Obamacare will leave medical decisions to unelected politicians: Obama bureaucrats have already decided: 1) contraception, sterilization and abortion pills are classified as medical prevention (and that Catholic organization must go against their religious principles and pay for birth control). 2) The Medicare Payment Advisory Commission, established under Obamacare to slice $500 billion from Medicare, is given the power to decide which treatments are most cost-effective and which ones are not. Not “effective,” but “cost-effective.” Maybe they might think you are too old for a certain treatment or medicine. Or that the treatment—e.g. annual breast exams for women starting at age 40—should be delayed until 50. Their decision. Bureaucrats. Not your personal doctor. Not YOU.

    ALL Americans deserve health coverage. But we must find a better way than Obamacare.

    PS: You stated, “Most folks today with health care like the teachers (paid for by tax dollars) go to the doctor (any doctor) whenever they want, get plenty of unneeded tests, get blood work done every 3 months, get second opinions, buy their meds at the local pharmacy (I can’t do that) and pretty much do whatever they want.” With all due respect, I beg to differ. I’ve never gotten an “unneeded test,” gotten blood work every three months (maybe once a year for a physical), get second opinions (I trust my family doctor), and “do whatever I want.”

    To help keep current health insurance viable (and constitutional), to support the free market, keep up quality and choice, and to find a workable way to get every American insured, I’m willing to contribute more for my insurance, pay higher co-pays, etc.

    I’m willing to do my part.

    I hope I answered your questions.

    Chris Paslay

  3. Well this coming week is supposed to be the week the Supreme court rules on the health care plan. I am guessing you will get your wish. Too bad for the rest of us though who have to try and maneuver through the so called free market of health care. It is not easy and I do know it is very expensive. I like the Obama plan as there are parts that save me money like getting my mammogram paid for without having to spend through my entire $2000 deductible. I also know that the Medicare Advantage program you mentioned is expensive for the gov’t costing more than regular Medicare because it has perks like free gym memberships. This program is called Silver Sneakers and is very popular at my local Y. I have to pay my gym membership and help pay for all those senior citizens too. Oh well. I would have liked the part about insurance companies having to take folks with pre-existing conditions too. When I first retired I tried to buy health care on the open market as a way to save money. That failed as it is hard to be 60 and not have any previous health care issues. Health care is pretty much a mess for folks not getting it anymore through their jobs or for folks who have lost jobs or have jobs that don’t provide it. Enjoy what you have. It won’t be there when you retire.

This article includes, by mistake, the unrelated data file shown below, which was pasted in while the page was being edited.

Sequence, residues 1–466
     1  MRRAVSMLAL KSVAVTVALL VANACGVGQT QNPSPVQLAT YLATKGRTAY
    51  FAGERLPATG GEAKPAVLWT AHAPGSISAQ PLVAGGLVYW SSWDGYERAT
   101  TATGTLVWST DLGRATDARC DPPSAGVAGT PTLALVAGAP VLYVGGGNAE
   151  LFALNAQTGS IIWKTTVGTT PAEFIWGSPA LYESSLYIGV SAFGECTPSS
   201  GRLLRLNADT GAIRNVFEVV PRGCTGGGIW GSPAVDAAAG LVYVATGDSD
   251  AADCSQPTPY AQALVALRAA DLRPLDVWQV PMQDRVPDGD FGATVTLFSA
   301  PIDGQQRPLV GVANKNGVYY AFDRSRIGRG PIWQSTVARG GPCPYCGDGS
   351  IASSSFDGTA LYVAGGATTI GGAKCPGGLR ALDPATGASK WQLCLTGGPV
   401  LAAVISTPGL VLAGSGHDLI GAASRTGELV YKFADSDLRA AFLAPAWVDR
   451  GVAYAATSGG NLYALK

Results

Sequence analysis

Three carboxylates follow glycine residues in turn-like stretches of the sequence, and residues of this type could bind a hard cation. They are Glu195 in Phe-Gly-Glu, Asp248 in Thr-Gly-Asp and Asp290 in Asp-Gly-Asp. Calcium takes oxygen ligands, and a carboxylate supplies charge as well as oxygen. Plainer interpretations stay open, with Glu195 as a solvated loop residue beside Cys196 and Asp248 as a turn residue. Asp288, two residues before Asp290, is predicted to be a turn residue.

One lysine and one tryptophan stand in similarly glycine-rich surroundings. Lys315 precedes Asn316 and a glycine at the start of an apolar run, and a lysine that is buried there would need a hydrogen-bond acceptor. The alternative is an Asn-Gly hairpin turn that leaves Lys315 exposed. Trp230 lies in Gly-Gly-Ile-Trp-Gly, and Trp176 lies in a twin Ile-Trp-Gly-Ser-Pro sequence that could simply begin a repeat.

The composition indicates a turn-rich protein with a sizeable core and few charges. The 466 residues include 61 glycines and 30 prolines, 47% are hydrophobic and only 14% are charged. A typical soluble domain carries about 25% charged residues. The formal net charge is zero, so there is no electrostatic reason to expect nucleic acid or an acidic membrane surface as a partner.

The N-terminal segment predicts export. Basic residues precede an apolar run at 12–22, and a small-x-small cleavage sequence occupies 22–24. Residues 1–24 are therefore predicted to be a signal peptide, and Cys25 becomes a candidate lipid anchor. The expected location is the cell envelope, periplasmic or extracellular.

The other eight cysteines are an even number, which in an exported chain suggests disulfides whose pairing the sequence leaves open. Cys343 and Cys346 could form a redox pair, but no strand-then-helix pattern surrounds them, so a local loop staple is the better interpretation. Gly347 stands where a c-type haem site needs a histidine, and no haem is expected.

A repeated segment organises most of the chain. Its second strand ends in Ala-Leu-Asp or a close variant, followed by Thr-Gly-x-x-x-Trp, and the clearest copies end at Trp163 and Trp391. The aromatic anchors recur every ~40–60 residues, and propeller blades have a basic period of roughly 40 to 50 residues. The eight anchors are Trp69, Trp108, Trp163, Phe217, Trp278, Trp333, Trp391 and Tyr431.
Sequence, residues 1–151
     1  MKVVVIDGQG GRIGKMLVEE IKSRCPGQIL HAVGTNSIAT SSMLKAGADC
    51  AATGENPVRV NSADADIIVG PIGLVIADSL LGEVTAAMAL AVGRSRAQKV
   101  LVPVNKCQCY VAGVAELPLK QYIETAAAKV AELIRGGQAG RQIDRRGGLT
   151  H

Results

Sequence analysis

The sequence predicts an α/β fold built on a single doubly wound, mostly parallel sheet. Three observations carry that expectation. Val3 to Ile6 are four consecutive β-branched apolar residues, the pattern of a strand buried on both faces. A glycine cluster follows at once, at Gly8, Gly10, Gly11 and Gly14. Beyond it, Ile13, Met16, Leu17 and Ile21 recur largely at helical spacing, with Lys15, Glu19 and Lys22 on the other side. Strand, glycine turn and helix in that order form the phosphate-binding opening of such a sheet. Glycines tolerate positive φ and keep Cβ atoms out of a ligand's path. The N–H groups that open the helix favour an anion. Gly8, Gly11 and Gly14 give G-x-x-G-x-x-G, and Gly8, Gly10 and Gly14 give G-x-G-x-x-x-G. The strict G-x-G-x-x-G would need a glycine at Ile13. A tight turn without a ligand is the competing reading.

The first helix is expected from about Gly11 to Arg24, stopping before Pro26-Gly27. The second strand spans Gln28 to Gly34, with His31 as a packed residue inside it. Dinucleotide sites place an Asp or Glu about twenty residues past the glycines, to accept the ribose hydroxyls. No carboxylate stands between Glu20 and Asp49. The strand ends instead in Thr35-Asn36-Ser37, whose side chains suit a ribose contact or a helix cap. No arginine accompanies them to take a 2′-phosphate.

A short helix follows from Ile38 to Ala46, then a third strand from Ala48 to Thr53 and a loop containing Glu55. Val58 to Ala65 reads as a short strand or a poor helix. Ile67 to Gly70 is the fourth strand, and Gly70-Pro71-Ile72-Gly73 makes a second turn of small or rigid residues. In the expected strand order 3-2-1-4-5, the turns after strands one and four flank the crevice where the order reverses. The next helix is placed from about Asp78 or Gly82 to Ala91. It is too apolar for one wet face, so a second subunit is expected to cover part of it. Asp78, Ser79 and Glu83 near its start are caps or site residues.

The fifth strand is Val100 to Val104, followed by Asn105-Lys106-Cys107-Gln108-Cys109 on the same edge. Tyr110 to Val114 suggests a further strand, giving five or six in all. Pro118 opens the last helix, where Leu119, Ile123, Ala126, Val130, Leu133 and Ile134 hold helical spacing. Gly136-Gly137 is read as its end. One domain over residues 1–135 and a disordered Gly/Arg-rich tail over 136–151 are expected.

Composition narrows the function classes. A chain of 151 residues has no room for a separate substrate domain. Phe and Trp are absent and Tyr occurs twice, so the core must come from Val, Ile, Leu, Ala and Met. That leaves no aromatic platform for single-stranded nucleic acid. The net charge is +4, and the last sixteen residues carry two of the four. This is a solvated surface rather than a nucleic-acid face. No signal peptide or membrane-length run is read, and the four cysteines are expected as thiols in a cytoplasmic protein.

4. Kathy,

    I agree that health care is a right; I’ve never claimed otherwise. But the solution isn’t shoving some bill down America’s throat because it is assumed that we will never be able to come to terms with a better, more appropriate plan. And what makes you think that Obamacare will even work as promised? Obama has already been disingenuous on three issues: one–he said Obamacare would SAVE money, and it is actually costing TWICE as much as the original estimate; two–he said you will get to keep your plan if you are satisfied with it, but in the case of Medicare, people’s plans will change; three–he promised Catholic organizations that they wouldn’t be forced to violate their religious principles and cover birth control, but he pulled a bait-and-switch on that. What else will he decide to change? What is actually in the 2,700 pages? Once the bill goes into effect, it’s all in the hands of Obama and his bureaucrats. As I said before, we need to find a better way. Don’t assume you have no choice.


  5. I’m just amazed. For such a bright guy whom I’ve even met a few times, how can you be so misinformed about the Affordable Healthcare Act? How did those theories work out for you when the Act ws deemed a) constitutional, b) that relgious organizatons would NOT be forced to cover certain services (the insuranace companies would and c) savings from Medicare would not affect benefits? Its almost as if you’ve had a drink from the right wing kookaid faucet. Talk to a few people who were not covered for anything but who now are,and then tell us what a better way would be. This only a first step, and far from perfect but it sure bets what we had.

    • Hi,

      Quick question: If religious organizations are NOT being forced to cover birth control against their principles, how come 43 Catholic institutions have filed 12 separate lawsuits against Obamacare’s birth control rule, including the University of Notre Dame, Catholic University of America, the Archdiocese of Michigan, and the Archdiocese of New York?

      Second: cutting $716 billion from Medicare to fund Obamacare is absolutely going to impact Medicare benefits and affect people’s plans.

      Third: If you believe that forcing Americans to buy a product is constitutional, so be it; I don’t. We’ll have to agree to disagree.

      Thanks for writing.

      Christopher Paslay